PlistBuddy is another command-line tool that comes as part of the same toolkit, which lets you read and update values in a plist with a simple command. There are a whole slew of scripts out there which use this for incrementing build numbers as part of the build cycle, and until recently, this was my latest incarnation:

status=$(git status --porcelain)
if [[ "${#status}" != 0 ]] && [[ $status != *"M ${plist}"* ]]; then
    buildNumber=$(/usr/libexec/PlistBuddy -c "Print CFBundleVersion" "${PROJECT_DIR}/${plist}")
    buildNumber=$(($buildNumber + 1))
    /usr/libexec/PlistBuddy -c "Set :CFBundleVersion $buildNumber" "${PROJECT_DIR}/${plist}"

What it’s doing is not difficult. It gets the current status from git, and then check to see if any changes have been made. If they have, and the target’s Info.plist hasn’t been updated already, it increments the build number and updates the plist.

To implement it, you select your project in the project navigator. Then head to the build phases tab, and add a “Run Script” build phase to your main target using the plus button in the top left of the list. Drop in the script, and it should look something like this:

Run, Script, Run!

But actually, now that I’ve begun adding extensions to my project, I’m finding it lacking. The line where I set the new build number has to be repeated multiple times for each new target I add. The marketing version isn’t replicated across the board either, which means I still have to manually change each of my targets (or, more specifically, I have to remember to).

The Best of Both Worlds

So ideally we would use something that can automatically increment our build numbers when we’ve madee changes, and ensure that both they and our marketing number get replicated across all of our targets. We’d also like it to happen when we actually build, rather than needing to do it manually.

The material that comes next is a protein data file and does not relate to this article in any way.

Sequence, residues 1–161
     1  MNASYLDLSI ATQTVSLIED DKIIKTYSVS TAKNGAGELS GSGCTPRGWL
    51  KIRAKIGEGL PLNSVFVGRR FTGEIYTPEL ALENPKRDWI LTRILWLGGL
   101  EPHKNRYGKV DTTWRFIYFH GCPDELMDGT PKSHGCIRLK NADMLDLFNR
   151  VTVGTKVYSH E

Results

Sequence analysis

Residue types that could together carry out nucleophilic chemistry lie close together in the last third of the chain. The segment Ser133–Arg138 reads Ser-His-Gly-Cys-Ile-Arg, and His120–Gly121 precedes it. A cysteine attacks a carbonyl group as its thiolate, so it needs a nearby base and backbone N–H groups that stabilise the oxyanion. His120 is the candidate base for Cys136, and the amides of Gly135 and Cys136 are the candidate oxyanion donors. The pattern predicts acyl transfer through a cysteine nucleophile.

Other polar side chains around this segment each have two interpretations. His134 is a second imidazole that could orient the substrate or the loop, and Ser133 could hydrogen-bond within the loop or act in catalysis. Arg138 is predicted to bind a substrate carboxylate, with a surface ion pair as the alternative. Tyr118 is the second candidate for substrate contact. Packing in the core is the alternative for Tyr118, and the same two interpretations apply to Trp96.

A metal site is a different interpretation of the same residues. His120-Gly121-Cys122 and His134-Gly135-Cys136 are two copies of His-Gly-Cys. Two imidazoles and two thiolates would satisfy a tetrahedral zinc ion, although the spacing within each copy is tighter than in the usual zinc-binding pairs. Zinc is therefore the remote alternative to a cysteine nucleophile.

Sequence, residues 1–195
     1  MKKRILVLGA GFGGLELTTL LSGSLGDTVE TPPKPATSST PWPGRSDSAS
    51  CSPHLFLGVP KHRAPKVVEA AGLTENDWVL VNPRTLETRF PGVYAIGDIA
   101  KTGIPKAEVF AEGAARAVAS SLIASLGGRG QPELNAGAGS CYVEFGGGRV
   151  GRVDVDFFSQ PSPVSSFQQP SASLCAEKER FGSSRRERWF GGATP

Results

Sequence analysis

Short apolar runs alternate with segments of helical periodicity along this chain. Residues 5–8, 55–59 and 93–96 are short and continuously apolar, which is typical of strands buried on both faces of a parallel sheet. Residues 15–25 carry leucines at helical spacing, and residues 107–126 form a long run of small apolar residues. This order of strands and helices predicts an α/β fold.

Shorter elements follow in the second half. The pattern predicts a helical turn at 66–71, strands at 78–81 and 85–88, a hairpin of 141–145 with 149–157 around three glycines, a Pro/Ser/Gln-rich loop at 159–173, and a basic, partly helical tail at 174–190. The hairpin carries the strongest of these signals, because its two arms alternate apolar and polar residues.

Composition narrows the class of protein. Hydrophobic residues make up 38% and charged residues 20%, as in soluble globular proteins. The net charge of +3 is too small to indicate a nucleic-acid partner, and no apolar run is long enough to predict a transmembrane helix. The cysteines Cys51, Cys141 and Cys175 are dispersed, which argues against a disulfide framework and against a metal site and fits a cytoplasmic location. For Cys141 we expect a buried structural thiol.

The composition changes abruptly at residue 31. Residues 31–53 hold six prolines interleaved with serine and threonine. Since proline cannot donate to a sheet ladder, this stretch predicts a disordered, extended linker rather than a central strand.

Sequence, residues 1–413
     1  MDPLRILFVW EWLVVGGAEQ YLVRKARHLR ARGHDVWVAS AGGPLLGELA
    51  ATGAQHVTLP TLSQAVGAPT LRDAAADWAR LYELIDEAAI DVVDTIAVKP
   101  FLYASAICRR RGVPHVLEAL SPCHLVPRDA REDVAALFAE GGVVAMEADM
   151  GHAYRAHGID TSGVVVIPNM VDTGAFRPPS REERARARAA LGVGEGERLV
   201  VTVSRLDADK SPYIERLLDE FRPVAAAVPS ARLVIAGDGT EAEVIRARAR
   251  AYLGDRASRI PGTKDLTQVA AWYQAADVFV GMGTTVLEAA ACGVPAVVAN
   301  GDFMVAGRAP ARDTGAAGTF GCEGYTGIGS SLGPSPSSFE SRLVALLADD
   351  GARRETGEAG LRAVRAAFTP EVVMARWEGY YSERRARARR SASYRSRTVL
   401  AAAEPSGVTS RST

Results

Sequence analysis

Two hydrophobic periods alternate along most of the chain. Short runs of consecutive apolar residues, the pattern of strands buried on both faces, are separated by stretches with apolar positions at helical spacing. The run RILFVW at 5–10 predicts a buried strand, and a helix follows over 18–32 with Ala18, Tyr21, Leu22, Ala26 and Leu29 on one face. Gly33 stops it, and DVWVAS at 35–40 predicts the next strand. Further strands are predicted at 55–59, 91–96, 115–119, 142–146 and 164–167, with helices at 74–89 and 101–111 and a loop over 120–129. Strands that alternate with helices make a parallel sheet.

Anyone who listens to Mobile Couch knows that I’m a sucker for building stuff myself. So that’s what I did. I created a script which I can call that does all of the above things, and best of all, can be used in a build phase.

To use it, first download the script from the Gist and put it into your project folder somewhere (mine sits in the project root). This ensures that everyone working on the project can use the script, which is important, given that we’re using a run phase to automate it.

Oh, and the run phase? It’s a whole lot simpler.

sh ""

The script reads the main Info.plist file and increments the version when git says there have been changes made, just like my previous script. But if that’s not your thing, a slightly different version will set the value based on the number of commits in the HEAD branch, and it’ll also append the current branch name for non-master branches, just to ensure no conflicts creep up on you.

sh "" --reflect-commits

Both versions will output a few lines about what they’re doing so that you can see what’s going on as a part of your build status.

A little feedback is a glorious thing.

There’s some settings you can apply within the script to ensure maximum compatibility with your project… or just to tweak because you can, but that’s all there is to it. Automatic versioning management that doesn’t require you to leave Xcode.

Now I can finish shipping this damn GIFwrapped release.